Assisted Living in Wyoming
State InformationFacts and Figures about Wyoming
Wyoming is among the top 10 largest states in terms of land area, and the smallest state in terms of population. The state motto is Equal Rights, and the official nickname is Equality State.
We’re going to be covering all of the pertinent information when it comes to assisted living in the state of Wyoming, including some red or green flags that can help indicate if a place is an excellent home for you or your loved one, or perhaps one you may want to avoid. Thankfully, there is a lot of good care available here, and we always encourage our readers from all around the country to actually visit the various locations that make their shortlist. We’ll discuss what to look for when choosing a facility so that you can make more informed decisions during you research, and you can avoid the places that aren’t a good fit, and spend more time vetting the ones that are.
If you feel overwhelmed at all during this research process, don’t worry, this can certainly be an overwhelming topic and that’s normal. That’s also why we’re here, because we’ve looked at every single state in America in-depth when it comes to senior care, assisted living, and memory care. We know the ins and outs, and we’ve compiled all of this info to help you make these important decisions.
Quick Facts about Wyoming
- The total land area of Wyoming is 97,914 square miles.
- The population is only 585,501, which is 50th in the USA. That’s just over half a million people, sharing nearly 100,000 square miles.
- The median household income is a stable $60,925 which comes in at 15th place overall.
- For every square mile in this state, there are only SIX people… talk about privacy, and being able to life your own life. There are upsides and downsides to this. It’s not like the entire state is just a place filled with hermits, but with such a small population, you miss out on certain economies of scale when it comes to saving costs on various things.
- Despite that, the cost of living in Wyoming is below average, and they don’t charge a State Income Tax, which can make this a beneficial place to live when it comes to budgeting.
Types of Assisted Living in Wyoming
A facility or home in Wyoming can help with things like supervision for safety, helping arrange group activities because being social is incredibly important and so is spending time with old friends and making new ones, helping with basic skin care, helping setup a variety of medical and persona hygiene appointments, some help with dressing, and a fair amount more. It all depends on the resident’s unique needs, and will all be addressed, or most of it at least, during the initial assessment.
Requirements for Moving in or Moving Out
Initial assessment information: The initial assessment exists in order to see what types of services and care that a resident needs. You can’t tell just by looking at someone what they’ll need. We also want to stress, as we have in the past, how important it is to ensure this is filled out accurately and honesty. Some people have a tendency to be a little too optimistic when it comes to answering certain questions, and that’s not a good idea. Depending on the facility, the assessment process can vary, it certainly varies around the country. Some states require a nurse or a doctor visit, other don’t.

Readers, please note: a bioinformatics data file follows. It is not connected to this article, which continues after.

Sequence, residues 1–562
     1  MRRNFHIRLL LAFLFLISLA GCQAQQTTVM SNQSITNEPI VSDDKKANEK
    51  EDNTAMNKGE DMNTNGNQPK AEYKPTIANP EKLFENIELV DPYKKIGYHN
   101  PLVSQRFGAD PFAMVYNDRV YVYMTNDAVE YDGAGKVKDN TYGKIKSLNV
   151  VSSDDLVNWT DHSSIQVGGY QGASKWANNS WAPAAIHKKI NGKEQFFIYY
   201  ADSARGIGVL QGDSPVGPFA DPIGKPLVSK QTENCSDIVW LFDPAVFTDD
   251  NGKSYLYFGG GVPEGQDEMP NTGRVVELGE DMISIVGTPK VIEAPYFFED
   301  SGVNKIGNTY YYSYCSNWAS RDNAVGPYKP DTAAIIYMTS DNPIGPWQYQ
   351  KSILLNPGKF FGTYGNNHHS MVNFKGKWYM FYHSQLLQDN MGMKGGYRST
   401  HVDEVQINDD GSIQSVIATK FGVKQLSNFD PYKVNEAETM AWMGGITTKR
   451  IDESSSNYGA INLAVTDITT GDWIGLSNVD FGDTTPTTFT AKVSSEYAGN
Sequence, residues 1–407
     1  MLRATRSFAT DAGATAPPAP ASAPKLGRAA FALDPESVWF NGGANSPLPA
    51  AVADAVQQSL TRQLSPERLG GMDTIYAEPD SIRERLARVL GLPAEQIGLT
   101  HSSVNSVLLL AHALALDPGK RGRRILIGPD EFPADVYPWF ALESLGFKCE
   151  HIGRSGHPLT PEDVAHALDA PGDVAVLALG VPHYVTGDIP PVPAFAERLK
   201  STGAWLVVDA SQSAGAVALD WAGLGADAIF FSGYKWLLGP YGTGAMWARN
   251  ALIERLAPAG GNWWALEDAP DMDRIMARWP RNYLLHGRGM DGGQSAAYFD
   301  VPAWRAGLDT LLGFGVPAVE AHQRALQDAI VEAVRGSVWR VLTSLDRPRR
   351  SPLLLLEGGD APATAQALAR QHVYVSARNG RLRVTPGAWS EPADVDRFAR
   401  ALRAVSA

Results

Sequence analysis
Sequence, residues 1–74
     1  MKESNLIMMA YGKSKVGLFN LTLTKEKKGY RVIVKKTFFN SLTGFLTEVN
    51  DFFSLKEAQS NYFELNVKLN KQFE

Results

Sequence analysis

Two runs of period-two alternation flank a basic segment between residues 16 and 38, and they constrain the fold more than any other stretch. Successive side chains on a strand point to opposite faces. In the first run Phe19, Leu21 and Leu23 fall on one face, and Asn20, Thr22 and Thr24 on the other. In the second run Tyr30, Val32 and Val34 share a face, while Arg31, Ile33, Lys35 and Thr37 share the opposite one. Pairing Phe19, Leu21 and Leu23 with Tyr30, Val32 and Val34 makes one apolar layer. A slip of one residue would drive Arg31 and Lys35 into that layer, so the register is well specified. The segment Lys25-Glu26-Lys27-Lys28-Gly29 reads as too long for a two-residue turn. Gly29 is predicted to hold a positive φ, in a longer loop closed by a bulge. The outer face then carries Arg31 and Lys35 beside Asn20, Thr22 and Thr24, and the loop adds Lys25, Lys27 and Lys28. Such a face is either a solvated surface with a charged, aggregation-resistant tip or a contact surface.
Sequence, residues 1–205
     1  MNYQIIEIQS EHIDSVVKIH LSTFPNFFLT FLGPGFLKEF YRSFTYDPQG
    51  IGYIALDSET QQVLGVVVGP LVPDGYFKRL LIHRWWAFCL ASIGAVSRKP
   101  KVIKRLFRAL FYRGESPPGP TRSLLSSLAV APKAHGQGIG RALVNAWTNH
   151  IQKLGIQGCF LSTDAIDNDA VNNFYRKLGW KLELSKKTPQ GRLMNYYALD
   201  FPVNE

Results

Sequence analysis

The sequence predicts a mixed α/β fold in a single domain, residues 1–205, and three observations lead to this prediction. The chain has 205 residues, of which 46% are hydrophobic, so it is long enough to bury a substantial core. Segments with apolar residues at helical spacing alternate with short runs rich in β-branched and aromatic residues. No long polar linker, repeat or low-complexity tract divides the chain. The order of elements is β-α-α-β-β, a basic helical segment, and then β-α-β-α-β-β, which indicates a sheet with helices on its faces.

Even after a resident has been admitted into a facility, that doesn’t mean they are guaranteed that place forever. If their condition changes, they’ll be re-assessed, and in some cases that could mean being asked to leave altogether. The first condition to leave is if a resident stops making their payments, at the end of the day these facilities are businesses who need to keep the doors open. If a resident is dangerous to themselves or to anyone else, that’s also a reason to ask them to leave. If they require ongoing nursing care, they will be better suited to being in a nursing home instead. There are others, and it generally comes down to having their needs met.
General Information About Care
Bathroom requirements: Up to two people can share a single sink and toilet, which is only a shade worse than having their own dedicated washrooms like we see in some states. However, up to ten people can share a single shower or tub, which isn’t ideal but it does help keep costs down versus having a private tub for every resident.
Medication handling: Residents need to administer their own medication for themselves. If they need help with remembering to take it, or if they need help with opening a container such as getting the lid off, then a staff member is able to help them with that – however, the resident still needs to take the medication for themselves.
Fire and Safety information: There are national regulations that describe how to prepare, and how to handle a fire in the event that it happens.
Staff Training and Requirements
Staff training depends on what types of work they’re doing, and who they’re working with. For example, working in a memory care unit of a facility means the caregiver needs a higher level of training because they’re working with more vulnerable people that have their own unique set of needs.
Medicaid for Assisted Living in Wyoming and Additional Information
There is Medicaid coverage for those living in Wyoming, and for more information in general you can reach out to the Department of Health’s Office of Healthcare Licensing and Survey.
We hope that you have found this information to be useful and valuable, because we work very hard to help inform you about the hard facts, along with our opinions and views on certain aspects as well.